The Academy Awards are my annual reminder that my eighteen-year-old self would be incredibly disappointed with my job choices. Twenty years ago, I made the decision to pivot from the entertainment industry to the hotsy-totsy world of architecture and construction. Prior to that, I had one career goal: to plan The Oscars.
This wasn’t one of those dreams that began and ended with a picture of Leonardo DiCaprio on my wall (although I did have that); I went to college for Public Relations – the degree-of-choice for the discerning event planner – and interned throughout college with movie and television studios and their related partners. It was those internships that made me realize that I was more cut out for popcorn and Leonardo DiCaprio posters and less Paramount paychecks and Disney business decisions because, when it came to working in entertainment, I was two thumbs down.
For example, I was hung up on by not one, but two, Oscar-winning producers. In the first instance, I had been calling around to update my internship company’s database.
“Do you know who I am?” He had asked me.
“Oh, yes,” I lied. “Are you still a producer at [famous production company which it turns out he founded]?”
“Call me back when you know who you’re speaking to,” he huffed. Click.
These days his name shows up all the time on streaming services and I have to fight the urge to give him a ring and say, “I now know who you are. Would you like to update your address for future mailings?”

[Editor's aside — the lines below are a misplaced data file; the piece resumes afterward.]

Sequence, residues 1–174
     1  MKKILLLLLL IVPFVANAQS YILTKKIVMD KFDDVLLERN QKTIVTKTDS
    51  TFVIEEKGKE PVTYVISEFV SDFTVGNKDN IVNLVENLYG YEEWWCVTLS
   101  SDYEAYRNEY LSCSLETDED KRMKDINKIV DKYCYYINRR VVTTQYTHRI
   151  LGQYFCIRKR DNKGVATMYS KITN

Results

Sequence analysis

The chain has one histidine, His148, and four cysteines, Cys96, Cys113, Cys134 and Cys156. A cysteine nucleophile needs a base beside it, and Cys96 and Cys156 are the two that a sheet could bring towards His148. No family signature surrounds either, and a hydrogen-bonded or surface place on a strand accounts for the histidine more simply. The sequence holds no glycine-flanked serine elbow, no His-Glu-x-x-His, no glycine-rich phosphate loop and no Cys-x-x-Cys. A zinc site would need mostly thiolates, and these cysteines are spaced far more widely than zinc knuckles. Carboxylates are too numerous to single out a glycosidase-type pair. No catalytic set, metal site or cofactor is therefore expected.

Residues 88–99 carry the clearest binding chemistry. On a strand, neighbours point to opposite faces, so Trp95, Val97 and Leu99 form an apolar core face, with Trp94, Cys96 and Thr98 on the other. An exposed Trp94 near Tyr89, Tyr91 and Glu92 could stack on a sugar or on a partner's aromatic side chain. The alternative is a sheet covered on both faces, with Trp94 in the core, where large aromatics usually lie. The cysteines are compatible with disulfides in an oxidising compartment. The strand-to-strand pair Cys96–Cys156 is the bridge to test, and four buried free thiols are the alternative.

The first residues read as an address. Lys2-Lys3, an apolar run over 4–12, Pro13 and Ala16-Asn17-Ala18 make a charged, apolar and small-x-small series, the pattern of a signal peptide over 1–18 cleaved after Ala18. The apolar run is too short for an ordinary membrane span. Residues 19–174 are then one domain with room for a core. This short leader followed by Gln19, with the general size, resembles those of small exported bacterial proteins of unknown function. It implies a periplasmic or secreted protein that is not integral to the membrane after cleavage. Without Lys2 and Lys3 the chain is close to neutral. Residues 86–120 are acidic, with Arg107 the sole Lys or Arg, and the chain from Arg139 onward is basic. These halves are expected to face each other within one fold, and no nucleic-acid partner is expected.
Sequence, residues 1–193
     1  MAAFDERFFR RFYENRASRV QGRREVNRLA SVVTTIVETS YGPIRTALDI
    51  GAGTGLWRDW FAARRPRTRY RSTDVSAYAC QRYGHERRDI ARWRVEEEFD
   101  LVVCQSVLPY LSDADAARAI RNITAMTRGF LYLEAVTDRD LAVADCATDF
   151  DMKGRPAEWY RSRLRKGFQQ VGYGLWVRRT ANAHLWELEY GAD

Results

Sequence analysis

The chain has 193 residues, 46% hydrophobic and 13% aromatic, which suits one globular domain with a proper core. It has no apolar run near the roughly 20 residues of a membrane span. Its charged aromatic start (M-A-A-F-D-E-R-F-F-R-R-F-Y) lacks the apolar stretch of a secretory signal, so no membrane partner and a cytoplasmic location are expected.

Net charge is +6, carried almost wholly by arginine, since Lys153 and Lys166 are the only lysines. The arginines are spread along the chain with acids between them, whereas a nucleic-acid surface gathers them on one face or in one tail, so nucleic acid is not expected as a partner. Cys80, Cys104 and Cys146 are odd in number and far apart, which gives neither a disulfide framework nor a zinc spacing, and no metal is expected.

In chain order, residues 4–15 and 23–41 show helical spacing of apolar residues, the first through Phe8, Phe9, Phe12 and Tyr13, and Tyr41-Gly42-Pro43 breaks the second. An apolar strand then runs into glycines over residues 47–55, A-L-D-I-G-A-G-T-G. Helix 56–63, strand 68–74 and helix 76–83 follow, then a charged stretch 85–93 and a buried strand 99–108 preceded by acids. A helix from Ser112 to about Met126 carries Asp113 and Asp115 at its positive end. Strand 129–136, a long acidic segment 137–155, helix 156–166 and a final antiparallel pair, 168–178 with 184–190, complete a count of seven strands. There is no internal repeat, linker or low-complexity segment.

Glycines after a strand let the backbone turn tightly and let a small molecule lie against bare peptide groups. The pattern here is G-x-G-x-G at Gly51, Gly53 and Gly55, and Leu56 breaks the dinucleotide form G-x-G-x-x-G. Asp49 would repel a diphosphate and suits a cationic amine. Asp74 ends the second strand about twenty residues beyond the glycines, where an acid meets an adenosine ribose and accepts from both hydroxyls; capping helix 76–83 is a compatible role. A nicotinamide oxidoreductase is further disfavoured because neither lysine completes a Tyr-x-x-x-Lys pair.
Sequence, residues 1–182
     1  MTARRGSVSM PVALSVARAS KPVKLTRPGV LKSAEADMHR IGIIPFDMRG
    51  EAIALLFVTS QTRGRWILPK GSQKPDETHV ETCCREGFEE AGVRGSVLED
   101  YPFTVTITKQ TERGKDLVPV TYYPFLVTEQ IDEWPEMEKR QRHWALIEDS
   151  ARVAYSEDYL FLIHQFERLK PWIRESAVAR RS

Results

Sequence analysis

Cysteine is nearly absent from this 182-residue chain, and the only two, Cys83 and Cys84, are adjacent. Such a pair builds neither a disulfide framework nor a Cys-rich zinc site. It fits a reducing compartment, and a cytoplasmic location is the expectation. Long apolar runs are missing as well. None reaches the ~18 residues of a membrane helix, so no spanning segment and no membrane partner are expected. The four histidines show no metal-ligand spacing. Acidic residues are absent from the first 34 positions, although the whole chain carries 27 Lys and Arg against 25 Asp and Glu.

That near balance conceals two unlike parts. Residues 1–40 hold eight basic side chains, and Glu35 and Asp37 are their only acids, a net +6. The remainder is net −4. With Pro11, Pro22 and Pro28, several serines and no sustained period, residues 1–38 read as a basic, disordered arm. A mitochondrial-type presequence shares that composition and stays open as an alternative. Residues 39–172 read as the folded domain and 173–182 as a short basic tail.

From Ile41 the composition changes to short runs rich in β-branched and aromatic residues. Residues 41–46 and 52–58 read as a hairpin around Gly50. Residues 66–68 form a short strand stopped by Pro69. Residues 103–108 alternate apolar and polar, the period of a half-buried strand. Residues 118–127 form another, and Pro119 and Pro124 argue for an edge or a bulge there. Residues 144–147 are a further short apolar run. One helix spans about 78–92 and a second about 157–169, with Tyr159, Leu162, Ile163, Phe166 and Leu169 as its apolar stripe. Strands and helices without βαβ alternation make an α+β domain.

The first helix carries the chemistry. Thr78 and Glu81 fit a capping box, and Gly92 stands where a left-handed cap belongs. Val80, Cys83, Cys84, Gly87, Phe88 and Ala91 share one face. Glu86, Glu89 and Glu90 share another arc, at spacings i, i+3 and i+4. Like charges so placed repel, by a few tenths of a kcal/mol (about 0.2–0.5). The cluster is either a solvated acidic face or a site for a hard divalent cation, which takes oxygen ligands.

In another instance, I worked at a media event for the launch of a TV show starring an established young actress. It turned out she had a vague connection to the Midwest and thought it was amusing that I was from North Dakota – and so she offered to introduce me to the head of a different TV show (even now on the air, by the way) who was looking for a PR Assistant. “No thanks,” I told her. “I want to work for the Academy, not in television.” She blinked twice and walked off.
One of my top-five uff das happened when I was in charge of running screeners for a publicity company. A screener was an advance showing of a movie to gauge audience reactions. The publicity company would rent a screen at a movie theater and fill the seats with members of the target viewership. After the movie was over, the audience would rate various aspects of the movie on little notecards, and the moviemakers would use that information to…do…something, I’m not sure what. My job was to hand out and collect the notecards.